Can People Really Change?
By Mike Masso
Part I

Is it possible for a person to really change? If so, why does it seem so difficult? What needs to happen for real change to take place? We’ve all asked these questions one time or another about ourselves and others. What do we mean by “change” and what are we are actually trying to change? It can vary from trying to improve our social and leadership skills, physical appearance, spending habits, shift our paradigm on life, or even try to incorporate changes to our personalities (which is not that easy)… but if you think about it, how many people do you know have really changed? Most can’t think of very many people that would qualify. It seems that the most common change in others that we notice is usually a change for the worse. They end up in life where they never intended to be (e.g. Overweight, bound by debt, broken marriages, over-worked, over-stressed, bitter, etc.). Although, there sure have been a lot of self-improvement books written over the years, so what’s the problem?
Here are a few thoughts I’d like to share from many years of dealing with myself and others in relationships ranging from family, ministry, business and friendships. I can tell you it takes more than just noble ideas and good intentions. As Andy Stanley puts it in his book The Principle of the Path, “Direction, not intention, determines your destination”. So, without going into an overwhelming and detailed life-manual for experiencing positive change (which might be pretty comical if I actually had one), I will summarize what I have found to be some key elements for change and growth in relation to your life mission—your God-given destiny.
A good place to begin is knowing where you really are. Its sounds over-simplified, but being self-aware is the starting point from where you are– to where you want to be. Without knowing this you are doomed to wandering aimlessly, wasting a lot of precious time, and feeling like you are spinning your wheels without any real accomplishment. It is kind of like trying to find your way around the Mall of America without locating the big red dot on the mall directory map that says “You Are Here”. So what does “You are Here” look like in relation to a person’s life? In short, it comes from an understanding of your passions (what drives and energizes you), your talents (born with and developed), and your significant experiences that have contributed to your view of yourself, God and the world around you.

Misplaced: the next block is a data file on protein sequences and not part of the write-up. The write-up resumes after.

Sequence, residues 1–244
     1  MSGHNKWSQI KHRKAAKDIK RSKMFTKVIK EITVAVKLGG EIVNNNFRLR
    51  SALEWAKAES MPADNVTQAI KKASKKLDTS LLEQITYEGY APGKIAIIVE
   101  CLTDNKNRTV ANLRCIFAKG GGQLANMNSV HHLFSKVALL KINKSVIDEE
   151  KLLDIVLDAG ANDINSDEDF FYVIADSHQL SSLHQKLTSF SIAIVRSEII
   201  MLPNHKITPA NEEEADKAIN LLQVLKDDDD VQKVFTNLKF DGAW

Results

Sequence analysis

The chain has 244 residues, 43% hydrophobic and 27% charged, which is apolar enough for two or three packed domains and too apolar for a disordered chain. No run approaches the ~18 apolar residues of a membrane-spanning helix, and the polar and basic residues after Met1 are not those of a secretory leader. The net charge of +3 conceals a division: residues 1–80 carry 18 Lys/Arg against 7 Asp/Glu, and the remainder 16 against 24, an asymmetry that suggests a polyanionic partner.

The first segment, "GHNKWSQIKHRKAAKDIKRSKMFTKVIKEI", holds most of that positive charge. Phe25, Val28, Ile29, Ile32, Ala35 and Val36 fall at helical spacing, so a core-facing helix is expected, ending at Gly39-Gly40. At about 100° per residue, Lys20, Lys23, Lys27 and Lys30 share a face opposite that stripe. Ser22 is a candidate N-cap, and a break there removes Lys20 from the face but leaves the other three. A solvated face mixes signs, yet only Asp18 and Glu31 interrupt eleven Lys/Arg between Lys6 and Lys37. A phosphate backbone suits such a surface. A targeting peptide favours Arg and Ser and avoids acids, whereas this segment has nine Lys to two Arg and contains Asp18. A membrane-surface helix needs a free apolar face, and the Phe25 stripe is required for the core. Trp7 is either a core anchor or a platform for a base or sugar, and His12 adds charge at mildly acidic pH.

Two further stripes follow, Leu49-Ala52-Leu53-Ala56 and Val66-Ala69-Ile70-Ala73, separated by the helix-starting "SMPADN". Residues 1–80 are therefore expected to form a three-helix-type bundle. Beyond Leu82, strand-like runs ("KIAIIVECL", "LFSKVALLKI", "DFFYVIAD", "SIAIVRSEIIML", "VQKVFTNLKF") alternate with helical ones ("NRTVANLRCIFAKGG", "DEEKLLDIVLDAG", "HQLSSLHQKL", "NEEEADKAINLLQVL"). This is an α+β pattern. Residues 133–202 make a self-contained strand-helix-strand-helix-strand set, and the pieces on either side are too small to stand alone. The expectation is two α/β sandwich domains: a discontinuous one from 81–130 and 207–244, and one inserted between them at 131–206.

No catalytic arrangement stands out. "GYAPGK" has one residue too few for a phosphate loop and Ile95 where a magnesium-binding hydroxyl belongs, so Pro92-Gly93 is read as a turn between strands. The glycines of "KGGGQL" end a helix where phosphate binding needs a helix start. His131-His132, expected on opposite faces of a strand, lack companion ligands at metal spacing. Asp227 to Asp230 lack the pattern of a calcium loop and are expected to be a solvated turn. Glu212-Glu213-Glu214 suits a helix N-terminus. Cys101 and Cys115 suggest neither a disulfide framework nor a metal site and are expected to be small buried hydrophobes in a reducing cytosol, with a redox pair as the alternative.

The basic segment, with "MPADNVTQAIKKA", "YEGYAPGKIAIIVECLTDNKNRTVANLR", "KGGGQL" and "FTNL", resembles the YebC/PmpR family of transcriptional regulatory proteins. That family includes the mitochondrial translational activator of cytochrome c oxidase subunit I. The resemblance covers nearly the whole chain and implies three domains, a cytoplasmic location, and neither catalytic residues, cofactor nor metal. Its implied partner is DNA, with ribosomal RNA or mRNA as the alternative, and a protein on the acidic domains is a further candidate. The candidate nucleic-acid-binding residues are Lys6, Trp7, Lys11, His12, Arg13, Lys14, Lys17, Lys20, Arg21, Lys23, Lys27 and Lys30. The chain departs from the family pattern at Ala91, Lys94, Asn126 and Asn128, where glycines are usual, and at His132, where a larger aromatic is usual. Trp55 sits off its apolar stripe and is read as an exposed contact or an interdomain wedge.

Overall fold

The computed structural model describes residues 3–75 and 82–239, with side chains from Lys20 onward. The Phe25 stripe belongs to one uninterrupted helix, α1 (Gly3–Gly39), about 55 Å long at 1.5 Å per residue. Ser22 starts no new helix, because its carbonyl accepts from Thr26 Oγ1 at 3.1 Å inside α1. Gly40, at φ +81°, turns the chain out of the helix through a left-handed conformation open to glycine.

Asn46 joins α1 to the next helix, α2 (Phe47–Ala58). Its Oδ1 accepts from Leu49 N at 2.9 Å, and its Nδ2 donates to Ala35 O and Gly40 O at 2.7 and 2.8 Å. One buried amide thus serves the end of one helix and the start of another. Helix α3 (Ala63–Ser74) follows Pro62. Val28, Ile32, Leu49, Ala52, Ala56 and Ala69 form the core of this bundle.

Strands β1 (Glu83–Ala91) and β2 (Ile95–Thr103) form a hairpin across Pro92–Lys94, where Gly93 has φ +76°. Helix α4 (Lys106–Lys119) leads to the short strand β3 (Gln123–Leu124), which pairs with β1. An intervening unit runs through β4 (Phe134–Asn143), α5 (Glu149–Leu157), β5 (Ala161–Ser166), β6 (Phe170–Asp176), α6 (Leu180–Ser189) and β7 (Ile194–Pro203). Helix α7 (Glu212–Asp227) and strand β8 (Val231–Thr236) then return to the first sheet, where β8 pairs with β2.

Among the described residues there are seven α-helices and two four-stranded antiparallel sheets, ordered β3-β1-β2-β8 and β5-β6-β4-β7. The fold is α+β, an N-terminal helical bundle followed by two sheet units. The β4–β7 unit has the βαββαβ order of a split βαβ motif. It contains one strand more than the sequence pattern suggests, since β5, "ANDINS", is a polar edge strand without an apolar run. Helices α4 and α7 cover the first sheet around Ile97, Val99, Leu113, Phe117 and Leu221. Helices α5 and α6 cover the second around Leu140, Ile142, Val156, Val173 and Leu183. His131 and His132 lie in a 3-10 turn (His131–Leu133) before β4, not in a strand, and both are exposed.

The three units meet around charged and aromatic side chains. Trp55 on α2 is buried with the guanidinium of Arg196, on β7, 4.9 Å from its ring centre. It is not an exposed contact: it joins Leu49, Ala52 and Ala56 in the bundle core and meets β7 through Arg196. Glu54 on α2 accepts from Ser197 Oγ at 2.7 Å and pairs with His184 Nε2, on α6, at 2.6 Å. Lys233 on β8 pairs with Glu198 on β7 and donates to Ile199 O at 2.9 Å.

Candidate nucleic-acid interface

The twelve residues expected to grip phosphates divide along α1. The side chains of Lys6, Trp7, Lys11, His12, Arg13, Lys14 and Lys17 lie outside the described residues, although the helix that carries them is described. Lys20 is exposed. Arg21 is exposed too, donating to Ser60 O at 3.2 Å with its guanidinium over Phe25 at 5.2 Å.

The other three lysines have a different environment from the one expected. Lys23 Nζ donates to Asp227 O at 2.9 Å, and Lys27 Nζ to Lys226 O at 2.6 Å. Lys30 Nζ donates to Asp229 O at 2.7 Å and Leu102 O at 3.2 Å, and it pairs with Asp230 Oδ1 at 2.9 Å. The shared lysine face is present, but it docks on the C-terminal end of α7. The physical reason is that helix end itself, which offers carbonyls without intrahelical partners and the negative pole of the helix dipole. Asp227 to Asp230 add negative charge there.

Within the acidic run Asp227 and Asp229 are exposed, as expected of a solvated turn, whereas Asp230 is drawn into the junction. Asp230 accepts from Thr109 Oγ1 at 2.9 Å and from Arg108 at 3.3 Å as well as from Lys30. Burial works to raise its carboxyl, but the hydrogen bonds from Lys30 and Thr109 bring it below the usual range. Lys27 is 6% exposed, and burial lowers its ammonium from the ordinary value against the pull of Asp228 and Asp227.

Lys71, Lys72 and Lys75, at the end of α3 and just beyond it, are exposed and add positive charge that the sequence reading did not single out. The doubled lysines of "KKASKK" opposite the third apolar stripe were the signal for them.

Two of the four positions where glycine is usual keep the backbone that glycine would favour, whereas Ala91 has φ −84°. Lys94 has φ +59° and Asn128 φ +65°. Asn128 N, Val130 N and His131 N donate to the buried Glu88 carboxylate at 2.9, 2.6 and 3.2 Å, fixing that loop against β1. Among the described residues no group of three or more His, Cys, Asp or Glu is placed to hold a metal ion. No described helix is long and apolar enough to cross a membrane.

The ground on which these resources (passions, talents and experiences) are built upon is your character. Your character is the foundation which determines what you can actually build your life upon. Many well-intentioned people are doomed to fail in achieving the changes they desire, because they begin their journey of change from an external reference point. In other words, just knowing you have a vision in mind, the plan to build something and the resources to throw at your dream, will fall short if the foundation upon which it is built is faulty. A recent example of this is a luxury high-rise condominium resort that was built on South Padre Island, TX not too long ago without the proper foundational support. According to a San Antonio media report, “Construction was more than two years under way when it began to sink and bend. Pier supports in the shifty clay more than 100 feet underground began buckling, stressing beams and columns.” ( The elegant modern design, skilled workers, and finances which were available for this development were not enough to overcome the inadequate foundation which ultimately was demolished into a 55,000 ton mess-pile of concrete and steel instead of the beautiful structure it was intended to be.
How do we establish a sure foundation, or starting point, knowing that we don’t have it all together, with character flaws and bad habits that need to change? When we need to find our way somewhere, we have to make sure you have the right map, in the same way that adequate structural engineering plans are needed to establish a solid foundation. Therefore, if being self-aware is our starting point, then being God-aware is our reference point. The best reference point available for our lives is non-other than God’s Word—the Bible. It will give us a true reference of how far off course we may be. This is where our faith in God’s truth brings His grace to our flawed character. God’s Word reminds us (because He knows we tend to forget) that His Grace is Sufficient. His grace is not available as permission to stay off course, but it is there to allow access to His Spirit to renew us—change us! His grace allows us to re-interpret our identity in order to align us with His destiny. It’s not our talents, experiences (good and bad), our accomplishments or failures that define us. It is our interpretation of those things that will determine who we become and where we end up in our life journey.
Hopefully, without sounding like I’m throwing around hyper-religious clichés, it is God’s Truth that sets us free. Free from what? –from the effects of the thief who is determined to steal our God-given dream of the abundant life we are destined for. The alternative to God’s Truth is accepting our own limited interpretation of ourselves, which is usually distorted by accepting the faulty reference points of those around us, while we allow Satan to corrupt the pure simple truth about how God sees us.
“The thief’s purpose is to steal and kill and destroy. My purpose is to give them a rich and satisfying life.” (John 10:10)
For us to be God-aware means we validate our perspective, passions, talents and experiences from God’s viewpoint. That is to understand that our talents, passions and experiences come from God who works all things (especially the “failures”, hurts and negative experiences!) for good to those who love Him and are called to His purposes.

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